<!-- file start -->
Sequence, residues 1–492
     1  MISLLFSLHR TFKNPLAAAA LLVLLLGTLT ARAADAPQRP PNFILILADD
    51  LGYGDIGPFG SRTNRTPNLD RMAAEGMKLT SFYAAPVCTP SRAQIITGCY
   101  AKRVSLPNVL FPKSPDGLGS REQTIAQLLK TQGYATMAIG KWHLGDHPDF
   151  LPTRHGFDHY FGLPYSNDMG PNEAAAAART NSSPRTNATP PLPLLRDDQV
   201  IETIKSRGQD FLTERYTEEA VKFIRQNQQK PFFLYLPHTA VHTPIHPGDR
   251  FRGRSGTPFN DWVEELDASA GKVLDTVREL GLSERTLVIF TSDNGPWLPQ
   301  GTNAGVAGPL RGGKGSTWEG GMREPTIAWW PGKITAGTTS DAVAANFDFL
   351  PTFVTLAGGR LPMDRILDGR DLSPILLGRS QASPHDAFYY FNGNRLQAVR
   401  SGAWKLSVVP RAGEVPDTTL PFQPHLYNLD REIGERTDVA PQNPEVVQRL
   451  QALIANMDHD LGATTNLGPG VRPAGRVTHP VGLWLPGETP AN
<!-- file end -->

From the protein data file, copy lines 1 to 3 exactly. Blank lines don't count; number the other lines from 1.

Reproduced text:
Sequence, residues 1–492
     1  MISLLFSLHR TFKNPLAAAA LLVLLLGTLT ARAADAPQRP PNFILILADD
    51  LGYGDIGPFG SRTNRTPNLD RMAAEGMKLT SFYAAPVCTP SRAQIITGCY